Scientific name:
(Siphonaptera : Pulicidae)

Facts: Adult fleas are legendary for their jumping ability.


The cat flea, Ctenocephalides felis (Bouché), is the most common flea pest of dogs and cats in Texas.


Adults can be found on the pet and sometimes move to humans for a blood meal.


Flea larvae are small, elongate, and thin.


The larvae are found in the yard or around the pet bedding area and they feed on skin flakes, hair and other organic matter.

Historically, fleas have been involved in devastating epidemics of plague throughout the world. Today in the U.S., fleas primarily are annoying biting pests of pets and people. The most common species is the cat flea, Ctenocephalides felis. However, other species of fleas that are parasites of rodents are involved in the transmission of plague and murine typhus, both of which occur in the southwestern U.S. You are encouraged to learn more about the biology of fleas, especially the cat flea, so that you can make more informed decisions about health risks to you and your pets, how to avoid being bitten, how to prevent or suppress infestations, and whether flea control is warranted in and around your residence.

Is the Cat Flea a Public Health Risk?

Bites of cat fleas can be very annoying to humans because chemicals in flea saliva stimulate an immune response that causes itching. The same immune response can be much more severe in dogs and cats, possibly producing a serious allergic response known as flea bite allergy in susceptible pets. You should take pets suffering from this condition to a veterinarian for treatment and consultation about approaches to flea control.

Cat fleas also are one of the hosts of the double pore dog tapeworm, Dipylidium caninum. This tapeworm is a parasite of dogs and cats, but it can infect children who ingest a cat flea in which an immature stage of the tapeworm exists. The immature stage of the tapeworm emerges from the ingested flea and begins to develop in the intestine of the child. This tapeworm does not cause obvious symptoms and is not a cause of serious disease, but you should consult with a physician if an infection is suspected. The most obvious sign of infection in a child is the appearance of a stage of the tapeworm, known as a "proglottid," in a child's bowel movement. A proglottid is whitish, about the size and shape of a pumpkin seed, and capable of undulating movements.

Other Fleas That Are A Public Health Risk

The flea that is the most significant risk to human health worldwide is the Oriental rat flea, Xenopyslla cheopis. This flea is a parasite of rats in the genus Rattus, but also feeds readily on humans and is a highly efficient vector of plague.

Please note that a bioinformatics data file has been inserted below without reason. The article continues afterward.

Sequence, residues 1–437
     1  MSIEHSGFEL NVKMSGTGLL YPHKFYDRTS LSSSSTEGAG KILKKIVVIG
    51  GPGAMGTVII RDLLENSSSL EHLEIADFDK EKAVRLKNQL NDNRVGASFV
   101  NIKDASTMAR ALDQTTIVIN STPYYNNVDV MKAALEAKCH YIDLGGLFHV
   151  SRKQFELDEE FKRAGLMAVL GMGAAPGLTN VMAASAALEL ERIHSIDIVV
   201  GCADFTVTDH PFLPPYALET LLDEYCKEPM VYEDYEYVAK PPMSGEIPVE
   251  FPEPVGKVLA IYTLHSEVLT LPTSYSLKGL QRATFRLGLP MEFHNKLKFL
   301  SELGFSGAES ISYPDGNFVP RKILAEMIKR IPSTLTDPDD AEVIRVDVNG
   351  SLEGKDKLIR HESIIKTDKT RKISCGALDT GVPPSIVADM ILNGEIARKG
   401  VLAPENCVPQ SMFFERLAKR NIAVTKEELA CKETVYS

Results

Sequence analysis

A flea of potential importance to vacationers in subtropical and tropical areas is the so-called "chigoe flea," Tunga penetrans. Larvae of this flea develop in sandy soil usually associated with pigs and pig feces. However, chigoe fleas also are found in the sand of coastal beaches, which explains another common name, "sand flea." Female T. penetransinfect people by penetrating into tender flesh between toes or into the soles of the feet. There, the 1-mm long females become embedded, begin to suck blood, and eventually develop eggs. As they do, their body swells about 80-fold, reaching the size of a pea and causing intense pain. Sites of infestation may become infected with bacteria and, if untreated, may eventually require amputation. The best prevention for vacationers is to avoid going barefoot in regions where this flea is common, including on beaches associated with the Caribbean Sea.

How Many Types of Fleas Are There?

There are an estimated 2,500 species of fleas in the world, approximately 325 of which occur in the continental U.S. Over 94% are associated with mammals, and nearly 6% with birds. At least 30 species of fleas have been found on mammals in Indiana, but only the cat flea is a serious pest of pets, livestock, and humans. Despite its common name, the cat flea is the primary flea that infests dogs. A closely related flea with the scientific name Ctenocephalides canis (the so-called "dog flea") exists throughout the world, but is rarely found on pets in Indiana.

How Can I Recognize a Flea?

Adult fleas typically are about 1/8 inch long, oval, and reddish-brown. They are wingless, and their bodies are very thin, so thin that they can move freely through fur or feathers of their host. They possess very large hind legs that are used for jumping and a very slender proboscis (beak) that extends forward when the flea takes a blood meal. At rest, the proboscis projects downward and backwards between the legs, but it cannot be seen without the aid of a microscope. Similarly, recognition of flea larvae and pupae typically requires the use of a microscope. To the unaided eye, the legless larvae resemble tiny whitish "worms." Flea pupae most likely would not be recognized at all because they are encased within a sticky cocoon covered by incorporated soil particles and small items of debris from the habitat in which the larvae develop.